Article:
This Day In Weather History is a daily podcast by Chris Mei from The Weather Network, featuring stories about people, communities and events and how weather impacted them.
The Great Hurricane of 1780 is known by a lot of monikers, including the 1780 Disaster. The storm is still the deadliest Atlantic hurricane on record. Between Oct. 10-16, 1780, approximately 22,00 people died across the Lesser Antilles.
The official Atlantic hurricane database begins in 1851, so the exact details of the hurricane's strength are unknown.
A boat first spotted the storm in the eastern Caribbean Sea. On Oct. 9, the hurricane made landfall on Barbados, likely packing wind speeds as high as 320 km/h.
On Oct. 11, the hurricane made landfall on Saint Lucia and Martinique. The next day, the storm hit Guadeloupe. The hurricane also made landfall in the present-day Dominican Republic.
"Tropical Storm Gamma (left) and Hurricane Delta (right) on Oct. 5." Courtesy of Wikipedia
"The gale of wind which happened on the 12th Oct. was the most severe perhaps ever known. Barbados suffered amazingly, 6,500 souls perished. Tobago laid waste, Grenades, St. Vincent, St. Lucia, Martinique, suffered more than any person can conceive," wrote the attorney general of Guadeloupe.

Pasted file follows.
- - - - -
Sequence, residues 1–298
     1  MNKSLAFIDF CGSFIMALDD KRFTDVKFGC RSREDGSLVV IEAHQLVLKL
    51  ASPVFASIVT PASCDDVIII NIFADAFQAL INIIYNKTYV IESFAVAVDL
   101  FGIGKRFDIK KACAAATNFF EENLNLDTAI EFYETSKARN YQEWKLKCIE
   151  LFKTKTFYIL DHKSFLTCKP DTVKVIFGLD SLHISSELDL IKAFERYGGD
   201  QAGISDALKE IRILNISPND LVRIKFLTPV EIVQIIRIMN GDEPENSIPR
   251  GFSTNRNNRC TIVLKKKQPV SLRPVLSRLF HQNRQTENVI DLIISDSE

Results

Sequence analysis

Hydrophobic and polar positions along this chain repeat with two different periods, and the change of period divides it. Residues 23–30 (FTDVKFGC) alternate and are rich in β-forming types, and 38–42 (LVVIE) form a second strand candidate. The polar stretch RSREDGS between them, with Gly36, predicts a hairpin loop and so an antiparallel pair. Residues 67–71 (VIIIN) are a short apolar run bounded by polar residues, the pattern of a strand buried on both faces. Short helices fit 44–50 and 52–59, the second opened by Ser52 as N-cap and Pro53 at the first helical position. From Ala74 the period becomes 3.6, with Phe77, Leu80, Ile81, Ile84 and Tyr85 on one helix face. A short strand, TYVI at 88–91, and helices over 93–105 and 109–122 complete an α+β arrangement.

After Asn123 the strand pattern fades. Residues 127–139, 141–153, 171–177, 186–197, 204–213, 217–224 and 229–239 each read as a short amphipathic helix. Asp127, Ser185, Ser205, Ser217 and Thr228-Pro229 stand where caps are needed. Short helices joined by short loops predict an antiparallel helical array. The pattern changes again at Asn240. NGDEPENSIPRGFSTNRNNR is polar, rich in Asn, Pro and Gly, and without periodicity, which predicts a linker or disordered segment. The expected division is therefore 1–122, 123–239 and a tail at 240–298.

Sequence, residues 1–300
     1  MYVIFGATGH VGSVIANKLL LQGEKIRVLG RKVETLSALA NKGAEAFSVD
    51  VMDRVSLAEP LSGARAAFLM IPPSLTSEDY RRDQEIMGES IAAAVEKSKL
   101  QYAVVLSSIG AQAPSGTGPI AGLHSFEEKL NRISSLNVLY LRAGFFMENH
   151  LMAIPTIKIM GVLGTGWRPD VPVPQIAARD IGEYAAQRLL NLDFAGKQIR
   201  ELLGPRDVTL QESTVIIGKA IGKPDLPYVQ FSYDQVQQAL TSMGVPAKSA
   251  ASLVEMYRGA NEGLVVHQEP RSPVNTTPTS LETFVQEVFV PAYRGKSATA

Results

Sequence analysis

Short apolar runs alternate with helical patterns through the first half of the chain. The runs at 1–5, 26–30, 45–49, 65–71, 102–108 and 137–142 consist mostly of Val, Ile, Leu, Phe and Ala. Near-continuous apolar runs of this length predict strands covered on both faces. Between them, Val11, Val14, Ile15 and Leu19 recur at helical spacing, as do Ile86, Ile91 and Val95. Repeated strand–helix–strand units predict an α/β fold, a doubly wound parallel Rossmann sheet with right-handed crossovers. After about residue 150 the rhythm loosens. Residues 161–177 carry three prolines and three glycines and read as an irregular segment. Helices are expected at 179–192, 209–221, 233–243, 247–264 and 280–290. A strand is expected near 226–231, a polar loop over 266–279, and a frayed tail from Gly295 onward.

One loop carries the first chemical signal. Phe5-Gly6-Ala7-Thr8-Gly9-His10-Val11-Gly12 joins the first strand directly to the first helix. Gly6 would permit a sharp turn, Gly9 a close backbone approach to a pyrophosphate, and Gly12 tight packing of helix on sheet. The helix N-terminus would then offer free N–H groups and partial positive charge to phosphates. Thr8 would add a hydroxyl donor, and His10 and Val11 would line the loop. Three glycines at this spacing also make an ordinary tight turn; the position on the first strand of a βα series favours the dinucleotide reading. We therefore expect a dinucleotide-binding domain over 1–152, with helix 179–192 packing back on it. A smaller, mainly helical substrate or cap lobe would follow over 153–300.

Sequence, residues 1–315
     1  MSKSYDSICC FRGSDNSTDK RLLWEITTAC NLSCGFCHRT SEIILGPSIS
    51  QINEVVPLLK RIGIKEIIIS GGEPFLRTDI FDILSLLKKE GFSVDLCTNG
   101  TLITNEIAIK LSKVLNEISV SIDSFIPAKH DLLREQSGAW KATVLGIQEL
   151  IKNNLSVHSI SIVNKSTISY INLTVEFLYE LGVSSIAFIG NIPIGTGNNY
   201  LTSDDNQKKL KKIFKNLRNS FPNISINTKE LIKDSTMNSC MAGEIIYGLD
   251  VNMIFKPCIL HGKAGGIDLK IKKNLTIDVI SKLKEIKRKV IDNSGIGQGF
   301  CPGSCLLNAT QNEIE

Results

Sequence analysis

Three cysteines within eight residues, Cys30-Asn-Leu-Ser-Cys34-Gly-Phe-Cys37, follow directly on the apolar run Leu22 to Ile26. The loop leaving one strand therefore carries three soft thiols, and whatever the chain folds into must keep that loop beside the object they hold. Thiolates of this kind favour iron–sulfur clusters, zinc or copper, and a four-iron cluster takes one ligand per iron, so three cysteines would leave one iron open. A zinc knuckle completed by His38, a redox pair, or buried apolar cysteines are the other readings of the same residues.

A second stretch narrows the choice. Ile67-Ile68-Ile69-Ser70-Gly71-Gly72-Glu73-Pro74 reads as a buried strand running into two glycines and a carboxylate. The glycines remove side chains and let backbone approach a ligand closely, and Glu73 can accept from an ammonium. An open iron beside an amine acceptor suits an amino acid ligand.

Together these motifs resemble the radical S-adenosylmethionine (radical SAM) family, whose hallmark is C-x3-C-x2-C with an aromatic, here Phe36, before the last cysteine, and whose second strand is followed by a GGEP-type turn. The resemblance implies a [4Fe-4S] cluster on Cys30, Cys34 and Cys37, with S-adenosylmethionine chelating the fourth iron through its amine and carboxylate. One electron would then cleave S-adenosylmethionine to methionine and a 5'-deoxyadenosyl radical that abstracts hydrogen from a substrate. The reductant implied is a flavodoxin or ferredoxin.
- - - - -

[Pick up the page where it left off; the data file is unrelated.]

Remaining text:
In Barbados, around 4,500 people died. Reports say that the hurricane's winds were "so deafening that people could not hear their own voices."
In Martinique, the storm produced a 7.6-metre storm surge, destroying houses and causing 9,000 deaths.
The storm caused widespread destruction in Saint Lucia, destroying most houses in Port Castries, and causing around 6,000.
The Great Hurricane of 1780 caused approximately 22,000–27,501 deaths. The second most deadly Atlantic storm is the 1998 Hurricane Mitch, which killed more than 11,374 people.
To learn more about The Great Hurricane of 1780, listen to today's episode of "This Day In Weather History."